why migrants head for Romania –

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why migrants head for Romania – fr


Majdan (Serbie) (AFP)

Inside an abandoned house, onions sizzle as Seror, a mother of four, struggles to cook an Iraqi specialty over an open fire, trying to maintain an illusion of home for her loved ones.

The Alhayani family are among hundreds of people from the Middle East, Africa and Asia who are sheltering in abandoned houses in Serbian villages close to the Hungarian and Romanian borders.

Most are trying to get to Western Europe via Romania, a new hot spot on the Balkan migrant route where the number of arrivals has grown rapidly over the past two years.

Romania was not greatly affected by the migrant crisis of 2015, when tens of thousands of people moved directly from Serbia to Hungary and beyond.

But the border is seen as easier to negotiate than entry points to Croatia, which has a reputation for police rigor, and Hungary, which built a wire fence as a deterrent in 2015. .

While waiting for their chance to move on, the Alhayanis occupy a house abandoned decades ago by the original inhabitants, who have left in search of a better life.

# photo1 They sleep on the floor where the humidity has consumed the parquet, in constant fear that the old roof will collapse.

“Of course it’s not a dream house, but what can we do? Asks their 16-year-old daughter, the only member of her family to have learned English on their trip.

“We have to stay here so that we can realize our dreams in the future. “

– ‘They broke my leg’ –

The Alhayani family fled Iraq three years ago and, after spending two years in a camp in Greece, tried unsuccessfully to enter Croatia via Bosnia.

They finally arrived in Majdan in northern Serbia a month ago, trying every day to cross Romania without success.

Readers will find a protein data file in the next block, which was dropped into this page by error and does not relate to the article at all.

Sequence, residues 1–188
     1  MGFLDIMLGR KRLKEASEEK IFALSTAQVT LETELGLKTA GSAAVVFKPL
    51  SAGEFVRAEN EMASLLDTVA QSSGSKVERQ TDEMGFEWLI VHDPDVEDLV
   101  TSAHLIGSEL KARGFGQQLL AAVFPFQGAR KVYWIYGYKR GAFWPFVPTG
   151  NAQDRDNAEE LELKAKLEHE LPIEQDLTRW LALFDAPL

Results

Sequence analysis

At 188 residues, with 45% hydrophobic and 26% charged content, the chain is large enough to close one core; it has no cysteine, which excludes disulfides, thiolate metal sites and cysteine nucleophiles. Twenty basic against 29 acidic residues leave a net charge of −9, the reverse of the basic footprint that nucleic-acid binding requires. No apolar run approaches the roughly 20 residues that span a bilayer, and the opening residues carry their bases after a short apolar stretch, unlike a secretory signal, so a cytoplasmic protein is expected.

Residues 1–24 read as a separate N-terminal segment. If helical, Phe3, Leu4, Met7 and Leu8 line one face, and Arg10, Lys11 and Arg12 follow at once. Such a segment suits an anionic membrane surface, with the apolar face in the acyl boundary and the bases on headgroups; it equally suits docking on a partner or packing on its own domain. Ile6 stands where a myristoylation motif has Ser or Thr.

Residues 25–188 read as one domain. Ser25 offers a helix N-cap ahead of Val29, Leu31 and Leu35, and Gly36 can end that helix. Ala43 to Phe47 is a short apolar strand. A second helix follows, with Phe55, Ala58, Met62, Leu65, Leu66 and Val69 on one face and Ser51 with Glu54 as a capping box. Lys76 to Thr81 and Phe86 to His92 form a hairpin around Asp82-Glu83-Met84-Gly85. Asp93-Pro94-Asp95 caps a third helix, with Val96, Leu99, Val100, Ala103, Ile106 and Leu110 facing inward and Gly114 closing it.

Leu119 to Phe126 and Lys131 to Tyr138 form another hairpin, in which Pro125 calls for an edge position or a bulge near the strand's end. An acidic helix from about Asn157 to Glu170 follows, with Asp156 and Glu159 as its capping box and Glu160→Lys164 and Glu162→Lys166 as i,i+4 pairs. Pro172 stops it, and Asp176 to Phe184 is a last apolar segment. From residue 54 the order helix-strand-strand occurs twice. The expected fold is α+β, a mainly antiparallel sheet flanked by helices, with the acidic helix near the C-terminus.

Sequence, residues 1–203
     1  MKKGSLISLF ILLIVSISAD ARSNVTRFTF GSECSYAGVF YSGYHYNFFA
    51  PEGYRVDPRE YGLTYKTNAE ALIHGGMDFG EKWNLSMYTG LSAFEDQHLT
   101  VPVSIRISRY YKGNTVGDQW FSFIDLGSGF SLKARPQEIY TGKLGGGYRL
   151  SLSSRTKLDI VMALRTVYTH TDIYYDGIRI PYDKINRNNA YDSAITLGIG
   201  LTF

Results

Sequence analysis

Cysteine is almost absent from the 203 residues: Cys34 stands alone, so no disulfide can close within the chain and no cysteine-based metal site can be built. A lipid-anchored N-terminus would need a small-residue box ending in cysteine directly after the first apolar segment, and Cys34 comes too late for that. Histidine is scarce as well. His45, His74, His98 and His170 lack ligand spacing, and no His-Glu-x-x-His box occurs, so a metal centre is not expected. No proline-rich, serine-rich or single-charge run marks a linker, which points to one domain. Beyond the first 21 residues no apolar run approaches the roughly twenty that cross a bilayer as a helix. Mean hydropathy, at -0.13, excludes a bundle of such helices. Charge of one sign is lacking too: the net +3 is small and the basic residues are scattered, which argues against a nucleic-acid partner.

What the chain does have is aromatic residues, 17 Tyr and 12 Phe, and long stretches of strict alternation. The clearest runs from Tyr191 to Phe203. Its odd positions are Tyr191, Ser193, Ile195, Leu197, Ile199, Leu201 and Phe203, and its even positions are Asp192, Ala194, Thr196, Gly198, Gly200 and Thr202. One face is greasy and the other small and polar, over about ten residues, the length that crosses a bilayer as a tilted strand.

The path to Romania may be easier, but it is a “path of the poor,” said a group of Syrians crammed into a small room, preparing to try to cross the border once more.

For those who are strapped for cash, crossing into Romania is practically the only option.

But that makes their journey longer and more difficult, and only delays the inevitable journey through Hungary, which is the first Schengen country without a passport in Europe.

# photo2 ″ If I had 5,000 or 6,000 euros ($ 6,100 or $ 7,300), I would pay (a smuggler) to go straight from Serbia to Hungary, “a 30-year-old Syrian told AFP. who chose not to give his name.

Romanian police said there were more than 45,000 attempts to “cross the border illegally” last year, four times more than in 2019.

They say nearly 80 percent of migrants have been refused entry.

The Romanian police once had a better reputation than their Hungarian and Croatian colleagues, but today they are also accused of violence and violations of international law.

“The Romanian police broke my leg twice and my hand once,” a Syrian migrant told AFP, who said he worked as a lawyer in his home country.

“Some people are good, some are bad. “

Ljubimka Mitrovic, of the UN refugee agency, told AFP that more than 25,000 migrants said they were pushed back across the Romanian border in 2020, more than double the number last year.

#photo3

Stressing that refoulements – forced evictions without the possibility of seeking asylum – are illegal, she said that 12% of those refouled by Romania had suffered violence.

Contacted several times by AFP for a response to the allegations, the Romanian police did not respond.

They have previously denied violent pushbacks, as have Croatian and Hungarian forces.

– “You can’t stop people” –

Trapped in Serbia, the migrants were not warmly welcomed in a predominantly Hungarian border area.

Many locals are older farmers who get their information from the Hungarian national media, known for their anti-immigration tone.

“Life will be good again when these migrants leave, they are like rats,” said an older man with a military tattoo on his shoulder.

#photo4

Locals sitting outside the only local store boo and swear when migrants enter.

Police are on patrol around the clock to prevent potential violence between the two groups.

“We offered to build a camp there, but the local community refused,” Vladimir Cucic, head of the Serbian refugee agency, told AFP.

“They didn’t want to become a hub for refugees. “

Although the so-called Balkan route is nowhere near as crowded as it was during the migrant crisis in Europe five years ago, tens of thousands of people still pass through the region every year.

Cucic expects another push very soon.

“It’s like trying to hold water. You can’t stop people, ”he said.

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